Howell: There's no reason?

Kub: Absolutely not, no, especially not with these pressures you mentioned just globally, these trade wars that could develop.

Howell: Let's talk a little bit more about weather. We're expecting maybe some drought relief over the weekend here in the western plains and some of the plain regions up into Canada. Will that be enough relief to provide some more support for the markets?

Kub: Yeah, that could be, like I mentioned, a very good reason why we saw some of that washed off here right on Friday. So if that develops, great. And it needs to be over the next couple of months. It needs to be severe relief in those really extreme areas in the panhandle of Texas and Oklahoma.

Howell: So with winter wheat do you expect winter wheat to pull up spring wheat prices with it?

Kub: Absolutely. So those, if the majority of the bullishness is for that hard red winter wheat contract that will affect all of the milling wheat in North America, including Canadian spring wheat, including Durham wheat. If we really had a shortage in production in that in 2018 then yes the continent would have to start importing milling wheat. So absolutely these markets will move together.

Howell: Elaine, the last thing I wanted to talk about here as we talk about wheat was this issue that they've been having in Canada with railway. They haven't been able to get shipments of their grain, specifically wheat, to the export ports. You were at a conference this week. Can you tell us a little bit about the tension that is going on there and what you see that doing for the markets?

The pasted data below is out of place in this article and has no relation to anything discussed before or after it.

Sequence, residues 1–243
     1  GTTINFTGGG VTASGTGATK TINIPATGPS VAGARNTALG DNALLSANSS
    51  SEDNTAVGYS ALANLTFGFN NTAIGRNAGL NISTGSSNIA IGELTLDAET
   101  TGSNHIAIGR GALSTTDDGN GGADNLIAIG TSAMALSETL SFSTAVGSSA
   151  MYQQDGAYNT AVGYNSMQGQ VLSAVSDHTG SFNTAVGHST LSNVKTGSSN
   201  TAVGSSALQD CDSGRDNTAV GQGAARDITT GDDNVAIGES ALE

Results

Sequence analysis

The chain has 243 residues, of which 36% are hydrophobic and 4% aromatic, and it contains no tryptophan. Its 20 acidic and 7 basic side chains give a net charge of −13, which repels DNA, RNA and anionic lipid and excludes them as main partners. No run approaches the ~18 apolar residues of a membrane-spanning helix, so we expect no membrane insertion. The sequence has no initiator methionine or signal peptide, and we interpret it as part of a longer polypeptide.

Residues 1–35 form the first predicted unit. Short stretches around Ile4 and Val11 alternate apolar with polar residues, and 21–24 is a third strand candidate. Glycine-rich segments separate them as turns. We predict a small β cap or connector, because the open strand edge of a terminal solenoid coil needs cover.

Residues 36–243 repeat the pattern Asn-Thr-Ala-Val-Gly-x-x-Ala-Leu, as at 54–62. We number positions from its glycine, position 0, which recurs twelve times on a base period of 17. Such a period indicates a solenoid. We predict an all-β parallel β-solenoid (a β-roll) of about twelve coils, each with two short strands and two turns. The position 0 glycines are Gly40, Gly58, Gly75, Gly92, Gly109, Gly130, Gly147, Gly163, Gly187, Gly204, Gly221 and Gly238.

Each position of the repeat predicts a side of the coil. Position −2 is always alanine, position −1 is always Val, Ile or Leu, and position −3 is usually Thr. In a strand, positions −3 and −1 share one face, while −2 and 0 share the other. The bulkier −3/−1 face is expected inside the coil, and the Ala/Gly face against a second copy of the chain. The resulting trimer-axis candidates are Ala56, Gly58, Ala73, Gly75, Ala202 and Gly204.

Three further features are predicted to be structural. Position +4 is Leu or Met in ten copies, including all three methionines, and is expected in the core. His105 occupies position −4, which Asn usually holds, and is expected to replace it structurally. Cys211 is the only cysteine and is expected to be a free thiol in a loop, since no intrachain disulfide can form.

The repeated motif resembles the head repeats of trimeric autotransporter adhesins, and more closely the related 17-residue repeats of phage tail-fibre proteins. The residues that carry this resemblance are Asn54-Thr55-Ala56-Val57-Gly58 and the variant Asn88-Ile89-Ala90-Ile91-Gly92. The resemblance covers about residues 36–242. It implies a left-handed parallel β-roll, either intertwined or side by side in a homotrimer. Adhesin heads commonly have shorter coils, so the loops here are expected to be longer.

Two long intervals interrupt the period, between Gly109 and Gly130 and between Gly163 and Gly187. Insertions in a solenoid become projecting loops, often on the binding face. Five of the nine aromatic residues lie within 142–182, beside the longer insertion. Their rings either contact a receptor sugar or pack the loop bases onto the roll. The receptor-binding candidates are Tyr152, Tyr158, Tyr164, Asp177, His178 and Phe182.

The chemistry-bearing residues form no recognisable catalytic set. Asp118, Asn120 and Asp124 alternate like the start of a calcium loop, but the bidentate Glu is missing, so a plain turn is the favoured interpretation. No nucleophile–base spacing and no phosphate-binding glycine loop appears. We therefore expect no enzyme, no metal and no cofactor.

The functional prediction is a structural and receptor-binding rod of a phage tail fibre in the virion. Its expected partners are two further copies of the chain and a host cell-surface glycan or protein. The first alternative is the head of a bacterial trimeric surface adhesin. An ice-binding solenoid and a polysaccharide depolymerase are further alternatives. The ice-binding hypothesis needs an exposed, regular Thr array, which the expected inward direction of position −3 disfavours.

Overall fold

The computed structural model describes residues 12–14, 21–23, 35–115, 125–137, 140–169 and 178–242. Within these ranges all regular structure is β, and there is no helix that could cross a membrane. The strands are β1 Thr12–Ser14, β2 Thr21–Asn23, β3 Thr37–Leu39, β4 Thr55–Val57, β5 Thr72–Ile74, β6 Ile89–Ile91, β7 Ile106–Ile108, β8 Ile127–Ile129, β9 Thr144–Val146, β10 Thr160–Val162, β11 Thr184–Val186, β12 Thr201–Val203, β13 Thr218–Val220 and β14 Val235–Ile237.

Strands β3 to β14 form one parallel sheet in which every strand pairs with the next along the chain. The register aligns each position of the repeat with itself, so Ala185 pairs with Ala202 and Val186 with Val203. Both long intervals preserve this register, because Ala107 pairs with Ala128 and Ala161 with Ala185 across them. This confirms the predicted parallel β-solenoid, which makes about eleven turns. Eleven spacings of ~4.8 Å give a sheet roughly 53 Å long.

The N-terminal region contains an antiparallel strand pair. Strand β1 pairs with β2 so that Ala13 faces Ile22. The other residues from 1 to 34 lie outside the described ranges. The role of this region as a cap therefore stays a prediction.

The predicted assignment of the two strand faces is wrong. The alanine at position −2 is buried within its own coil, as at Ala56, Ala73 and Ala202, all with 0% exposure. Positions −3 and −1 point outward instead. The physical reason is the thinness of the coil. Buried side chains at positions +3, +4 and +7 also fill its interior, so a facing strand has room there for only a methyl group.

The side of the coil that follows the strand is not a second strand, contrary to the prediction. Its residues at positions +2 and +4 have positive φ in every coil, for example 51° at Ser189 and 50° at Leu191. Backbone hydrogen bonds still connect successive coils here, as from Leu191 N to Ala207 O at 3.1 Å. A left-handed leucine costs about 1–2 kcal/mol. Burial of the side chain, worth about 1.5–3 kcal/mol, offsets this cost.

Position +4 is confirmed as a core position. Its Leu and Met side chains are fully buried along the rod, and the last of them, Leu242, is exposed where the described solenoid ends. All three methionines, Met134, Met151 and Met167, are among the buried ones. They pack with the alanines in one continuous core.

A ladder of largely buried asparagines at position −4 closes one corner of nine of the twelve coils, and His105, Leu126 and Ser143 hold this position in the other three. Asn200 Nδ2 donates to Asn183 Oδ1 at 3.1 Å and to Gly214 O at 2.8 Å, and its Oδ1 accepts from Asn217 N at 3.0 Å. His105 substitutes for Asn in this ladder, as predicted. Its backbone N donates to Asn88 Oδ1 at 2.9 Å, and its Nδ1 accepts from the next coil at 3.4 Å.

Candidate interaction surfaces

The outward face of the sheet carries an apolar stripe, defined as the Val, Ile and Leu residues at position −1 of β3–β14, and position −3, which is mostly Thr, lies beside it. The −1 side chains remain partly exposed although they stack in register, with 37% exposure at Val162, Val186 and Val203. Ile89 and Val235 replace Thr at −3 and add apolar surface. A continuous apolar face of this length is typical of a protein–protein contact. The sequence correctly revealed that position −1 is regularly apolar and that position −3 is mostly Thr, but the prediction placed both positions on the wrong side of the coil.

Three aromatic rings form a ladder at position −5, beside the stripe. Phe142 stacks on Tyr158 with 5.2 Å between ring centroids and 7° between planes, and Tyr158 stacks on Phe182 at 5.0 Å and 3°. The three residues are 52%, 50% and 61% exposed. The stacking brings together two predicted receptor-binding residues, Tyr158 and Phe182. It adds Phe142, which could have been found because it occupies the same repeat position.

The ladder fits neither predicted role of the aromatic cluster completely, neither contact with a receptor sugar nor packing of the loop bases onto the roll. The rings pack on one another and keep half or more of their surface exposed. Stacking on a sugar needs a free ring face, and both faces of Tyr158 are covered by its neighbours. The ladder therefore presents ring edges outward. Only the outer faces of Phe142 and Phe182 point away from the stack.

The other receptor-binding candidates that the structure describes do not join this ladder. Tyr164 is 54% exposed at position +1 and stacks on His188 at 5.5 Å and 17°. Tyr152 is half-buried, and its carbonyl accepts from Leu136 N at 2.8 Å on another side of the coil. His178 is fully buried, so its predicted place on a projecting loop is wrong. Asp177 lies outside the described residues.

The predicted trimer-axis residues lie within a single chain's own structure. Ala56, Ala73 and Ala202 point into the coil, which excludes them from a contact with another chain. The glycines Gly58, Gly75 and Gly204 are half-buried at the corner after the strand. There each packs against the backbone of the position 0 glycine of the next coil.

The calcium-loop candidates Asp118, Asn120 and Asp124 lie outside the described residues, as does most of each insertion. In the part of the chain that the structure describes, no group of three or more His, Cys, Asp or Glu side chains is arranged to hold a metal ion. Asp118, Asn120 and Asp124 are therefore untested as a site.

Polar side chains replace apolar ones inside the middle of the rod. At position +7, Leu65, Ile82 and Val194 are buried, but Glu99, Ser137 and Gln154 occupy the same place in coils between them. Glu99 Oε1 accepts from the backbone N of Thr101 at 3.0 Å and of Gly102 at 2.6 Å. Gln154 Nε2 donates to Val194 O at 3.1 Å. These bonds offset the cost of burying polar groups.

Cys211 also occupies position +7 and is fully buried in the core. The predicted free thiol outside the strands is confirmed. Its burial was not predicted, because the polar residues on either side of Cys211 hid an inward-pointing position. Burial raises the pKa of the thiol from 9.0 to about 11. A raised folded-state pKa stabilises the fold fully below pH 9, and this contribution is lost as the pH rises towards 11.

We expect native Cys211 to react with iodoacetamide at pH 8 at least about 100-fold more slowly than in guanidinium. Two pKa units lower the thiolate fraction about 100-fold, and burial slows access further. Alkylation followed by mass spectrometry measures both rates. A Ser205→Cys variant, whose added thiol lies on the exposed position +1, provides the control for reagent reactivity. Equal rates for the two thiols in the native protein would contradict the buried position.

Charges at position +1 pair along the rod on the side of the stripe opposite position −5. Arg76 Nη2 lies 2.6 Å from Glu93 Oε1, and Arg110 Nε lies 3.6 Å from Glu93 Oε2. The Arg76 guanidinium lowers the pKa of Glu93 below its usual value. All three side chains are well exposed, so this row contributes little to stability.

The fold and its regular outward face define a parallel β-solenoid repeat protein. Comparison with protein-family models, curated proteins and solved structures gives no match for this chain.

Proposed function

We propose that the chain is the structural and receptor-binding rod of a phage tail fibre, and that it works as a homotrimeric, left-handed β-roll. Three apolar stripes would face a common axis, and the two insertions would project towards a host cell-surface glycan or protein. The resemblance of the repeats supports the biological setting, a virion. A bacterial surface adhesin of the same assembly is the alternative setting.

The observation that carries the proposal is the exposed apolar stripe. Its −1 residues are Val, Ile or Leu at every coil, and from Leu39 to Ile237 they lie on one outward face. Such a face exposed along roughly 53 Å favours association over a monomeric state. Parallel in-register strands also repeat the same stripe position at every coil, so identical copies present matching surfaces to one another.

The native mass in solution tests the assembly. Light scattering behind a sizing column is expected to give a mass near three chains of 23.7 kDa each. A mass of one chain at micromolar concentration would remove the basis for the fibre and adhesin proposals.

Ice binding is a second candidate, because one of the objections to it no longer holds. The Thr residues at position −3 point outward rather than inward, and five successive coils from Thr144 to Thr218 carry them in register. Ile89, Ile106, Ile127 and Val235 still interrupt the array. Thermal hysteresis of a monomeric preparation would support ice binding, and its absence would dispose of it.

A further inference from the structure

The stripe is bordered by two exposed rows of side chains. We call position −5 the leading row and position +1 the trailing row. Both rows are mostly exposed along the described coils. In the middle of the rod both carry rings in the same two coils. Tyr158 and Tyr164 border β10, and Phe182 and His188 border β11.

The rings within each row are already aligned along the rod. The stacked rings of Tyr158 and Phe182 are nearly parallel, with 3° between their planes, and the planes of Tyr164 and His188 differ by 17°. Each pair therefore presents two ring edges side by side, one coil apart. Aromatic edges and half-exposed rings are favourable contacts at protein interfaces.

Kub: Yeah, I have heard -- so they have struggled this winter from weather reasons and the U.S. experienced something like that in 2013, 2014 where you get just sort of a plugging up of the supply chain and it's not great for end users who need to get that and you can have strange spikes in prices that don't really reflect the underlying supply and demand. But it tends to be a temporary thing that gets washed out pretty quickly.

Howell: Okay. Elaine, let's talk corn and soybeans here. When we look at issues affecting these markets, South American weather is still a hot topic. Is there a point of no return, so to speak, when we know yes or no we are going to have to fill that void that they can't fill?

Kub: I think that this week was really the come to Jesus moment for the soybean market and soybean meal market. I guess I didn't even realize to what extent that had really affected the conditions particularly of the late planted soybeans in Argentina. But the Buenos Aires grain exchange this week said that 76% of their soybean crop, and their corn crop, is either poor or very poor. So that's huge. We experienced dry weather in the U.S. and soybeans bounced back because soybeans are a pretty resilient crop. But if that large, that extensive of a proportion of their crop is doing that poorly then yes I think that is why we continued to see the soybean meal rally, starting to pause, but why we saw that rally continue through this week.

Howell: A question I have when we look at domestic soybean production. Let's say that Argentina has a big void and we need to fill that meal void, how much more can we increase domestic soybean capacity?

Kub: I don't have specific numbers for you but that's absolutely where we would want to go is exporting our value added processed products, the soybean meal, absolutely.

Howell: And we're still seeing soybean meal be the leader here in the soybean complex?

Kub: Well, through most of this week we did. Here on Thursday and Friday the meal kind of moved lower and soybeans moved higher independently. So I don't know if that is just a function of where the speculators are pulling out short positions or adding on new long positions. That's hard for me to say but I guess that's where we need to continue to watch is for the meal to be the leader.